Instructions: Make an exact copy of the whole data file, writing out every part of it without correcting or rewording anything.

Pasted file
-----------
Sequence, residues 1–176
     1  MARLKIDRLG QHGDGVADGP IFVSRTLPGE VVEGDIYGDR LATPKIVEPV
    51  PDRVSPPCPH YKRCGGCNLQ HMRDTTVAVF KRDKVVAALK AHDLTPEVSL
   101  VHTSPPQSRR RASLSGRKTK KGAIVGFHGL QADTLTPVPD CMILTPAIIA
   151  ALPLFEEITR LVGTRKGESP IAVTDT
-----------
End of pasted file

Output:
Sequence, residues 1–176
     1  MARLKIDRLG QHGDGVADGP IFVSRTLPGE VVEGDIYGDR LATPKIVEPV
    51  PDRVSPPCPH YKRCGGCNLQ HMRDTTVAVF KRDKVVAALK AHDLTPEVSL
   101  VHTSPPQSRR RASLSGRKTK KGAIVGFHGL QADTLTPVPD CMILTPAIIA
   151  ALPLFEEITR LVGTRKGESP IAVTDT